Building of the dam

As part of continued development of hydro-electric and water distribution capacities along the Columbia River, the U.S. Army Corp of Engineers proposed and ultimately built The Dalles Dam. Completed in 1957, the lake created by the dam flooded over the Celilo Falls and the village of Celilo. Part of the U.S. Department of Energy, the Bonneville Power Administration (BPA), was created in 1937 to distribute and market electricity from the dams built along the Columbia River. It continues to do so and currently oversees 31 federal dams in the Pacific Northwest and supplies 35 percent of the power consumed in the region. Over 12,500,000 people live in the BPA’s service territory of Washington, Oregon, Idaho and western Montana.[1]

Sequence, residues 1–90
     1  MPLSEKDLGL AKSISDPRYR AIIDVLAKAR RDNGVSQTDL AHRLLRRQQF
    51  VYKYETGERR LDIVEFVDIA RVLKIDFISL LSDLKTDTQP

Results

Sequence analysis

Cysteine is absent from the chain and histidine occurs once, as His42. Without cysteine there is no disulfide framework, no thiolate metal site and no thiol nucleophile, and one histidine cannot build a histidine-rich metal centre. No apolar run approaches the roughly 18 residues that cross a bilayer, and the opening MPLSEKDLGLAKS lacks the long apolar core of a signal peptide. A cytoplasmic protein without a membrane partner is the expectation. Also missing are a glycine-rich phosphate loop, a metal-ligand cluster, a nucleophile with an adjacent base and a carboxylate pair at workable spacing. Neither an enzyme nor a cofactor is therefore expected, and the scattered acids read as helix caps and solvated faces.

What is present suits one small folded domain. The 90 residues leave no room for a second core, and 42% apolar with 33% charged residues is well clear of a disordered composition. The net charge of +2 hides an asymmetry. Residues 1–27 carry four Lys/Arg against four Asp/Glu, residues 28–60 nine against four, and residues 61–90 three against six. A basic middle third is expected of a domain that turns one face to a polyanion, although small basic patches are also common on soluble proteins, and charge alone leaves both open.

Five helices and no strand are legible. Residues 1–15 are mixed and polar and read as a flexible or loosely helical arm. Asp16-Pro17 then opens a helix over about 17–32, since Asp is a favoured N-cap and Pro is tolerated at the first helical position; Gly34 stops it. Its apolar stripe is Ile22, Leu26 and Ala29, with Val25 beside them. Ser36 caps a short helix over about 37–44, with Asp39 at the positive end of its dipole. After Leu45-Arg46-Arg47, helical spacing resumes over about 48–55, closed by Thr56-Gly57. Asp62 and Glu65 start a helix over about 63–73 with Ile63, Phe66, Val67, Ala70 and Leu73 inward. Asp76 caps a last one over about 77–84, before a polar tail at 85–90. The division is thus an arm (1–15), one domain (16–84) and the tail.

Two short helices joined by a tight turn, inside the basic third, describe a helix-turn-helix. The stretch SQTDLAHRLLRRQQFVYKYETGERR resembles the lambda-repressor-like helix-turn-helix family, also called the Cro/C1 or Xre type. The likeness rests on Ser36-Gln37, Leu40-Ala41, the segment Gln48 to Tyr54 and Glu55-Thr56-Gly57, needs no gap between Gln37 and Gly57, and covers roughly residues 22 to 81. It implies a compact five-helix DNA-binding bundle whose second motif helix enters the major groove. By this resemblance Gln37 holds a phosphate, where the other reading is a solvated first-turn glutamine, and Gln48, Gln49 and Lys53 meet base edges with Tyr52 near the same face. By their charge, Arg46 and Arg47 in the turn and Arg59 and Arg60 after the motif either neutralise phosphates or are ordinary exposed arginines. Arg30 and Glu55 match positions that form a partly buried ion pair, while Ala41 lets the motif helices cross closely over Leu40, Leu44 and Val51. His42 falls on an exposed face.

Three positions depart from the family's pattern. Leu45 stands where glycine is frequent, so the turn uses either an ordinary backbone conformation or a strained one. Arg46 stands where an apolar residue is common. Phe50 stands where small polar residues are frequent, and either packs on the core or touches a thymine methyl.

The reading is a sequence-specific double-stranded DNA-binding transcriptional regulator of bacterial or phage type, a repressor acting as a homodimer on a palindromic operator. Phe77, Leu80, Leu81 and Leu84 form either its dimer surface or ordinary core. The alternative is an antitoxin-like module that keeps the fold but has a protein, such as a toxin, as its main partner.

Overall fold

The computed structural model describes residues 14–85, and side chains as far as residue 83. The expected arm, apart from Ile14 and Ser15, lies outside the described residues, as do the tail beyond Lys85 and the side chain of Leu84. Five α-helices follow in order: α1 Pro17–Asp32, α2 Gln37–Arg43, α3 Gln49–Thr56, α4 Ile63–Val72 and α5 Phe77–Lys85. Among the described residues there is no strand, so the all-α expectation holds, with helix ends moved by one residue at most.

While there have been efforts to minimize the impact of dams on seasonal salmon migration up the river, there have been serious concerns about the impact over the decades. Most obviously, The Dalles Dam eliminated Celilo Falls and other Native American villages. It also diminished Native American salmon fishing in the area. The dam’s reservoir, which extends 24 miles upriver, was named Celilo Lake. It is this lake that submerged the village of Celilo and the Falls, which are still intact at the bottom of the lake.[2]

© Richard Wasserman, 2011

[1]Bonneville Power Administration, “Bonneville Basics,” BPA Watch Website. 2007-2014. Accessed February 14, 2016.

[2] Rojas-Burke